This year is the 25th anniversary of opening the borders between Eastern and Western Europe and there will be a range of memorial programs under the title “Közös siker” (Common Success), with the House of Terror playing a prominent role.
To attract young people, some young musicians will present their view of the political change in a song competition. The invitation goes like this: “Do you have no idea what happened in 1989? Were you not interested when it was taught at school either?” The idea is to attract those young musicians, including slammers and rappers, who only know about the communist era from films or their parents.
A professional jury will decide who wins the HUF 500,000 prize and songs can be submitted until 11 May in any genre.
Minister of Human Resources Zoltán Balog, who announced the series of programs, said that those people who lived through the political change had been touched by the wind of freedom. Balogh said the events at the House of Terror would be important tools to make clear to the young generation how important freedom is.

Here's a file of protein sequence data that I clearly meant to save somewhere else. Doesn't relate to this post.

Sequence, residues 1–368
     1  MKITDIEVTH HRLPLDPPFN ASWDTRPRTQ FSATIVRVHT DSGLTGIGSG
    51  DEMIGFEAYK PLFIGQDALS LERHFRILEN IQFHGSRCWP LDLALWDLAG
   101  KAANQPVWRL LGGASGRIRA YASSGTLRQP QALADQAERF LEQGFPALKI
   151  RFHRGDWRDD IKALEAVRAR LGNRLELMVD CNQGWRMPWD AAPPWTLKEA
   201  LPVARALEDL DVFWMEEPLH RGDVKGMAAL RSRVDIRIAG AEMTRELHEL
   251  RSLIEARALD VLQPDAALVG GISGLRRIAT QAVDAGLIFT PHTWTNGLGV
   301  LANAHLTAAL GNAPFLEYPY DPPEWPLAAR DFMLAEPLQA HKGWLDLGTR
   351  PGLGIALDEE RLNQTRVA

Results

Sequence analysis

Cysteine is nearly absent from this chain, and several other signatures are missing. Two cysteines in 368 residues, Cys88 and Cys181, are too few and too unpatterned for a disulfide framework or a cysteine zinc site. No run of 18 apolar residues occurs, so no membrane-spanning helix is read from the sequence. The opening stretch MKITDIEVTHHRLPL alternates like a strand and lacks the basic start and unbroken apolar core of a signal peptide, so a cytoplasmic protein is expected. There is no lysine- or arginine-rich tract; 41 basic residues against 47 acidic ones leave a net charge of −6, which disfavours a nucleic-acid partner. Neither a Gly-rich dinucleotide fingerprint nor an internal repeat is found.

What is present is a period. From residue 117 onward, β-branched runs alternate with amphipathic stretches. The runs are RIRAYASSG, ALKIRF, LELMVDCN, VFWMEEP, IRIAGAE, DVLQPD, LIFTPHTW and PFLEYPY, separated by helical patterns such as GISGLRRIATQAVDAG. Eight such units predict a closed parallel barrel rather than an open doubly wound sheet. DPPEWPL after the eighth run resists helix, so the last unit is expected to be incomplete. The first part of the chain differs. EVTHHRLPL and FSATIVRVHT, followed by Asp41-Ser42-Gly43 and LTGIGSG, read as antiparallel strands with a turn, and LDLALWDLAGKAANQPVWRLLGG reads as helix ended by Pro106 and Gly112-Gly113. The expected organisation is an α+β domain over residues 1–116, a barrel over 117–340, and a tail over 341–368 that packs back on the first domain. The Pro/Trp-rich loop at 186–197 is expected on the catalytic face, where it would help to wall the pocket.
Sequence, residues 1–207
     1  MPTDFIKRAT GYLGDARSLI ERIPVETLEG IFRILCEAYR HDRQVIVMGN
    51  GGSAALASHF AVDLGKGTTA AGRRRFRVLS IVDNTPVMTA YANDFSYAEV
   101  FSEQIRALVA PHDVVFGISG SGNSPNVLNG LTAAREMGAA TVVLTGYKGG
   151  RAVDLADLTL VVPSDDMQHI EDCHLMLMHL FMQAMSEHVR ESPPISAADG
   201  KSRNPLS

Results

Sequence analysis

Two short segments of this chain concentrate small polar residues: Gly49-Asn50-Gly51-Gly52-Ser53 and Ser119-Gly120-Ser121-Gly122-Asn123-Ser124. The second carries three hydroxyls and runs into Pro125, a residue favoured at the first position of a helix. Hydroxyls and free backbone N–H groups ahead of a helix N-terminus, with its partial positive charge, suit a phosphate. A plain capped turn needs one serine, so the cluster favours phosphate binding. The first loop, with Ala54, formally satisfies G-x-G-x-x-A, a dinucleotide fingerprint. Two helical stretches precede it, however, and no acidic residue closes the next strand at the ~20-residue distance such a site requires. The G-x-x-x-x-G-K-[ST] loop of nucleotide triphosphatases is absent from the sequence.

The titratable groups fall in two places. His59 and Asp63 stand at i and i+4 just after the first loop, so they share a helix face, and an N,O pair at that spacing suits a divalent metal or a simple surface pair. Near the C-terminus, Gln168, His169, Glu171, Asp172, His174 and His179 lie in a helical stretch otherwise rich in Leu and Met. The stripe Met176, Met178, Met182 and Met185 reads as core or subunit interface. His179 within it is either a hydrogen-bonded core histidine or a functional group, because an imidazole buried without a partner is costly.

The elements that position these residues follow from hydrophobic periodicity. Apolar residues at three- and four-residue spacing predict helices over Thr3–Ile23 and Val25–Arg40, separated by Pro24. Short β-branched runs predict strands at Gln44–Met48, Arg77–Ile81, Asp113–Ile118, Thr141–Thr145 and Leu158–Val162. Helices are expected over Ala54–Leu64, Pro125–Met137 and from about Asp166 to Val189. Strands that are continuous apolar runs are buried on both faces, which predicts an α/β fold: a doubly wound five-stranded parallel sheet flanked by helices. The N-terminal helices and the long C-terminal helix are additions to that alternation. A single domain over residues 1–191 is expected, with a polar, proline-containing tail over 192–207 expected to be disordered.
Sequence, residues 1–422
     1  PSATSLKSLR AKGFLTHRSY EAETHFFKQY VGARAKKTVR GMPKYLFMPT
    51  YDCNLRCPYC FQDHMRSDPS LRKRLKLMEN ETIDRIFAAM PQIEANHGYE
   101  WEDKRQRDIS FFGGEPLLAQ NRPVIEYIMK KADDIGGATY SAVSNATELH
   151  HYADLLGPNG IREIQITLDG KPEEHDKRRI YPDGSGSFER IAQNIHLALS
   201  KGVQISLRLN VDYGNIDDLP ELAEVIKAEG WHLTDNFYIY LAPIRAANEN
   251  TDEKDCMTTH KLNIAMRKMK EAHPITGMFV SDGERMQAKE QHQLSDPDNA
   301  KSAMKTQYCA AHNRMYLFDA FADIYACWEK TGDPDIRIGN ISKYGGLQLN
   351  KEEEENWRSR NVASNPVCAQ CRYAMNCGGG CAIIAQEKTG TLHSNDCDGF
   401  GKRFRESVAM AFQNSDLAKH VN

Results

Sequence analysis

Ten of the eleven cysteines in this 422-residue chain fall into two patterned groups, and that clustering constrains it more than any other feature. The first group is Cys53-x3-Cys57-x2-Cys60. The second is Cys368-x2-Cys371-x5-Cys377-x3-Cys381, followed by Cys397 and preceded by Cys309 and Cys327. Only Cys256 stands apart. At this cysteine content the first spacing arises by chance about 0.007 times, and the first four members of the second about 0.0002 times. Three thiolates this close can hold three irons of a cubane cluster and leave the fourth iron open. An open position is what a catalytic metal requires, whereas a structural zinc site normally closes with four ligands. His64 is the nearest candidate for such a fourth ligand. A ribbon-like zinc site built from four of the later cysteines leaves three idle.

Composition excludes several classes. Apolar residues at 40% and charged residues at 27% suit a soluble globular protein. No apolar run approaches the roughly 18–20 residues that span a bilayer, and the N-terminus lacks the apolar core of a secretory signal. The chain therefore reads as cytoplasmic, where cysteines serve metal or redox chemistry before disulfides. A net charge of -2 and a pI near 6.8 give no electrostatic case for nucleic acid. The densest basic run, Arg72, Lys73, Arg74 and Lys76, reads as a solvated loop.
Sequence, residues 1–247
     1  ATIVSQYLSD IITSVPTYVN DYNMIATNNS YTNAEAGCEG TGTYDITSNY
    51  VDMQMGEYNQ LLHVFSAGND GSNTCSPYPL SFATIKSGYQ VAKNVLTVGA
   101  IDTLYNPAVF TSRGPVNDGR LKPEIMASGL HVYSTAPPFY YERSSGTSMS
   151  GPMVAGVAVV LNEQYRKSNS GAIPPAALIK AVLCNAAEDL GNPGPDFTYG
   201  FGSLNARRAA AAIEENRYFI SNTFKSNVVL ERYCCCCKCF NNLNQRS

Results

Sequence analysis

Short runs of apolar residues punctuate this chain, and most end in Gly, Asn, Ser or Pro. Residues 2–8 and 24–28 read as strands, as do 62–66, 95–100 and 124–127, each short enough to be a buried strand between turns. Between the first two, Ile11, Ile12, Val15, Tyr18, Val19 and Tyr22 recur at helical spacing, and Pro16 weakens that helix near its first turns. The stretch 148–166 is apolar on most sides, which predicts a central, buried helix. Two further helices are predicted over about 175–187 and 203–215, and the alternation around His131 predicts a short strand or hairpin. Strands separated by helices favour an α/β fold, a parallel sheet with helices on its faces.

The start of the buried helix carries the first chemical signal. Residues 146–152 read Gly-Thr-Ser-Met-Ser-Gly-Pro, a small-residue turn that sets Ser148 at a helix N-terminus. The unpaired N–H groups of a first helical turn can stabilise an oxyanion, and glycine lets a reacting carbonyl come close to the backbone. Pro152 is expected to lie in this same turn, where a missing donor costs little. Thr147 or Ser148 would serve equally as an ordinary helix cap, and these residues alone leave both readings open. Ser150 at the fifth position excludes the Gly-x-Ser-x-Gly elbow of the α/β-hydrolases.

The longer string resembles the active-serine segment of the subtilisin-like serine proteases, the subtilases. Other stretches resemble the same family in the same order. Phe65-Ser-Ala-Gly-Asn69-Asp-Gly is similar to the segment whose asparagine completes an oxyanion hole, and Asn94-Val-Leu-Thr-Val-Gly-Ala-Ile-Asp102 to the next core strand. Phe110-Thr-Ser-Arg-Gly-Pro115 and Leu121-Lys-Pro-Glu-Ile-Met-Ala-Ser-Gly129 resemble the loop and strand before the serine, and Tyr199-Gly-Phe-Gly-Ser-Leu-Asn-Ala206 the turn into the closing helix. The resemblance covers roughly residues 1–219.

Monika Balatoni, State Secretary at the Ministry of Public Administration and Justice, who is involved in the programs, recalled: “I did my final exams in 1989. We noticed immediately that the history topic about 1956 was completely deleted from the list, since no one knew if there was going to be a riot or not.”
One important date this year will be 16 June, the anniversary of reburial of the martyrs of 1956 including then-prime minister Imre Nagy, when an open-air concert will be held at Hősök tere.
The manager of the House of Terror, Mária Schmidt, said the political turn was a success for the whole region and a “real moment for being proud for all the Hungarian nation”. She said a site on Facebook presents the programs, in Hungarian under the name “25” and in English under “We made it happen”.